Cold Weather Safety for the Elderly
I am sure some of you have thought to yourselves recently “Man its cold outside.” When temperature readings drop the elderly run a greater risk for health problems and injuries including but not limited to: falls on the ice and snow, hypothermia and frostbite. As we age, our bodies lose the ability to maintain appropriate temperatures. Hypothermia in the elderly can set in when body temperatures drop below 95 degrees. Being outside or living in a cold home, apartment or building can cause hypothermia. As we experience one of the first winter storms for the season in Northeast Iowa, keep in mind some of these great tips to keeping your elderly loved ones safe in the cold.
Preventing Falls- Make sure to wear shoes that have good traction with non-skid soles when going outside. Stay inside until roads or sidewalks are clear, be especially careful on wet pavement that could be iced over. Replace worn tips on canes or walkers to prevent slipping and making walking easier. Remove shoes immediately when you return indoors as snow and ice can stick to the soles making all flooring types slippery when wet.
Keep warm inside- Keep indoor temperatures or thermostats set at 65 degrees or warmer. Make sure your home is not losing heat through windows and if so, pull curtains closed, caulk cracks or apply plastic sheets. Dress warm on cold days even if you are staying in the house. Use long underwear or extra blankets when you go to sleep. Eat enough food to keep up your body weight and fat deposits to help you stay warm. Avoid alcohol. Ask family or friends to check in on you during cold weather. Prepare and stock emergency kits for power outages.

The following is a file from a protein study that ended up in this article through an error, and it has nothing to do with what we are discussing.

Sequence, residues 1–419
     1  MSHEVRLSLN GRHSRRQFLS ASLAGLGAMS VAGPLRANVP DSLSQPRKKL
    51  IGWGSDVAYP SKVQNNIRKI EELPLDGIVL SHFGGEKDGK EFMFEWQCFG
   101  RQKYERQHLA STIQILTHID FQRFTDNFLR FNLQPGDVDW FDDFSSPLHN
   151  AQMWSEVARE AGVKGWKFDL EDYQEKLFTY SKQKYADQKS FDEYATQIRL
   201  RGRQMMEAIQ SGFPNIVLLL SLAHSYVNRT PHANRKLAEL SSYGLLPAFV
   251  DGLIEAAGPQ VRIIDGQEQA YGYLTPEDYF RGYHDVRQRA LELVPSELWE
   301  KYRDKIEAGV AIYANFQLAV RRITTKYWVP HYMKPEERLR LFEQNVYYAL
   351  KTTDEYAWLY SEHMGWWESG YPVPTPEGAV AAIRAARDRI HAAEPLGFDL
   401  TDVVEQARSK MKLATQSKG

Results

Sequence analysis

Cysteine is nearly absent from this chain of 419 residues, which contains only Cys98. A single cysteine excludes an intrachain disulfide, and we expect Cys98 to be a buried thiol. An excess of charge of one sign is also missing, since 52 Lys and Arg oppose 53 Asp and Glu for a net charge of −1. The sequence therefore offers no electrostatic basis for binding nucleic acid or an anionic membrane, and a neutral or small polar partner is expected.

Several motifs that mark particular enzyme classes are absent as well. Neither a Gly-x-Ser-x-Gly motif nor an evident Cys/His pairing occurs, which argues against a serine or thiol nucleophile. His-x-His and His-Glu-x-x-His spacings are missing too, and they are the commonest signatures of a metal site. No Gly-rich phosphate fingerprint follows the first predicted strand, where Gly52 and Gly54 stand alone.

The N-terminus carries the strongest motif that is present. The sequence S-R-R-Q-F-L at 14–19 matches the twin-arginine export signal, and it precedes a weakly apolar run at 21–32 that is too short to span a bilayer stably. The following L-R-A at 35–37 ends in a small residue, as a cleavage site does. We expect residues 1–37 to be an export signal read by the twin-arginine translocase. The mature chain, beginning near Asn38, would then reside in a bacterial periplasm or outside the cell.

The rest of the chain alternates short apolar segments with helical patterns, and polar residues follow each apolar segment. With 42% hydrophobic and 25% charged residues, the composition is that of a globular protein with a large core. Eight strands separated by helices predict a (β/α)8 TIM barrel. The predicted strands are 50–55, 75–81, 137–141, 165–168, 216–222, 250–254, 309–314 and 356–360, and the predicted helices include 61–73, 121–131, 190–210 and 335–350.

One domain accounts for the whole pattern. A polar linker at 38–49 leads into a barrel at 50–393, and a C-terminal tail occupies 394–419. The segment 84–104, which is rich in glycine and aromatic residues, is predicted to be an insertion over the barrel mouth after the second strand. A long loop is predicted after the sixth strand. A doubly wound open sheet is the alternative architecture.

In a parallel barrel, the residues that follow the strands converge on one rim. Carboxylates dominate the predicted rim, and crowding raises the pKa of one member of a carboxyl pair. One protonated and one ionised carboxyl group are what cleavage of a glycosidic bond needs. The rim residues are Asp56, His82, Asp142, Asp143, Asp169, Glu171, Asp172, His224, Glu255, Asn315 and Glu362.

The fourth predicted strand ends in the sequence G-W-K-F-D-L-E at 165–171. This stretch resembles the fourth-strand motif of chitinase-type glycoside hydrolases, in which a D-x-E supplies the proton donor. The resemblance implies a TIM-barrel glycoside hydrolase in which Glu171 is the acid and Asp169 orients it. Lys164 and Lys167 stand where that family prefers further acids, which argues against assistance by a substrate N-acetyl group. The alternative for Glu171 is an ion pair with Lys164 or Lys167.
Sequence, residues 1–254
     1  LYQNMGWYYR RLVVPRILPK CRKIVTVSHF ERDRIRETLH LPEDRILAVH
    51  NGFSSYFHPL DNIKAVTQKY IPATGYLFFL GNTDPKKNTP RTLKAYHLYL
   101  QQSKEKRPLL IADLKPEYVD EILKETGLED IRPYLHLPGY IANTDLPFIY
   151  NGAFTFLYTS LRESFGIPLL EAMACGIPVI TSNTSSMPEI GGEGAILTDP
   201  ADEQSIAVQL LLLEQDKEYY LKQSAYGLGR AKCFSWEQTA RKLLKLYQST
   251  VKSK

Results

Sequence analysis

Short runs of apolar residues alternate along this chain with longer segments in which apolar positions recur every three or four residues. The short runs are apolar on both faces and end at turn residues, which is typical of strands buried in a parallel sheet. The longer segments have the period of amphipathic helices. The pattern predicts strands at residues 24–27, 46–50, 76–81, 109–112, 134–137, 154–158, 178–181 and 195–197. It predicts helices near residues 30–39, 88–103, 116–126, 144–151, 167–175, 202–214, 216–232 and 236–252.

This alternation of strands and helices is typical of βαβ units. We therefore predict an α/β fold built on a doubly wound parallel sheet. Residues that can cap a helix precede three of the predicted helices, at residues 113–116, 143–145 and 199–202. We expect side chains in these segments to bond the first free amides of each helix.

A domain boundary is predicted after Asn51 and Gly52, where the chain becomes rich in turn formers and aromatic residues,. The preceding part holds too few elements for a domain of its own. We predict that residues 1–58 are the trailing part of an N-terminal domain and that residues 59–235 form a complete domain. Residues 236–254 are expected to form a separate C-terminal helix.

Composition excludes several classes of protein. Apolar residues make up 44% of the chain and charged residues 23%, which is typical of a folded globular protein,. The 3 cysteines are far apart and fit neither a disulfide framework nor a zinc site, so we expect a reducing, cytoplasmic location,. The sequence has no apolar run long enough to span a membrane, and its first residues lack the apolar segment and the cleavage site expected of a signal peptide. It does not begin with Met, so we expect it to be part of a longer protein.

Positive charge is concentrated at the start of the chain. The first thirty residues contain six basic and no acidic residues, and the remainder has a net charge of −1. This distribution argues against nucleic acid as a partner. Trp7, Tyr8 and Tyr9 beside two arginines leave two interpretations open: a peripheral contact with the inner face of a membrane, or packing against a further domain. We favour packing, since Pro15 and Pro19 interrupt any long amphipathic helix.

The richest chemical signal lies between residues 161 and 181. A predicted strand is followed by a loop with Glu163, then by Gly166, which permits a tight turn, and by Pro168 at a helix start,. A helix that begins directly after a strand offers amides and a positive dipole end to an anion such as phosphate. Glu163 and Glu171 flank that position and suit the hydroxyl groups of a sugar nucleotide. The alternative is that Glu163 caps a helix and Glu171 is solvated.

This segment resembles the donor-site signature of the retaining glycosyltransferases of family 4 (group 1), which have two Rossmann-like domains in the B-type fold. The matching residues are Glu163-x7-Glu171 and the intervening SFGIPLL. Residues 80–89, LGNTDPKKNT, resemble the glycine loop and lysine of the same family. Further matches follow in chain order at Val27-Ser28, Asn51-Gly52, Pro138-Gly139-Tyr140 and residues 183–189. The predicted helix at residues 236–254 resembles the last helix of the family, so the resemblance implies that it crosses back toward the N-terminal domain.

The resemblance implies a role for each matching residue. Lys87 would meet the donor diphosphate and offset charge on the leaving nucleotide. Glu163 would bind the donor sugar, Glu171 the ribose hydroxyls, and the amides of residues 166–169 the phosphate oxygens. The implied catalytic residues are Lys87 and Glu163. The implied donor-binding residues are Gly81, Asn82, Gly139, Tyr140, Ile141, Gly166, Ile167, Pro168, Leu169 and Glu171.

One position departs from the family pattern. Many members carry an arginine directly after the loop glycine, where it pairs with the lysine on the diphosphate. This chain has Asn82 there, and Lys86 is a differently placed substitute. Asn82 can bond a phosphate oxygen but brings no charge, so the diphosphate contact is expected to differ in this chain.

Keeping warm outside- Stay indoors or when unavoidable stay outdoors for short periods of time. Dress smart in cold weather using hats, gloves, mittens, winter coats, boots and scarves as well as layering your clothing as this can keep you warmer than one single thick layer. Protect your lungs from cold air with a scarf. Stay dry because wet clothing chills the body more quickly.
Preventing fires and carbon monoxide poisoning- During the winter it is common to use a fireplace, space heaters or other heating sources such as natural gas or kerosene. Proper cleaning, inspection and ventilation is needed to prevent dangerous accumulations of carbon monoxide. Have chimneys inspected annually. Crack windows open when using kerosene heaters and make sure they are at least 3 feet away from anything that may easily catch fire. Place battery operated smoke and carbon monoxide detectors throughout the home.
In addition to physical health risks, older individuals may be more likely to suffer from loneliness and depression during the wither months. Remember to check in on your loved ones often, even a phone call can make a difference!
Katy Wood, RN Director of Assisted Living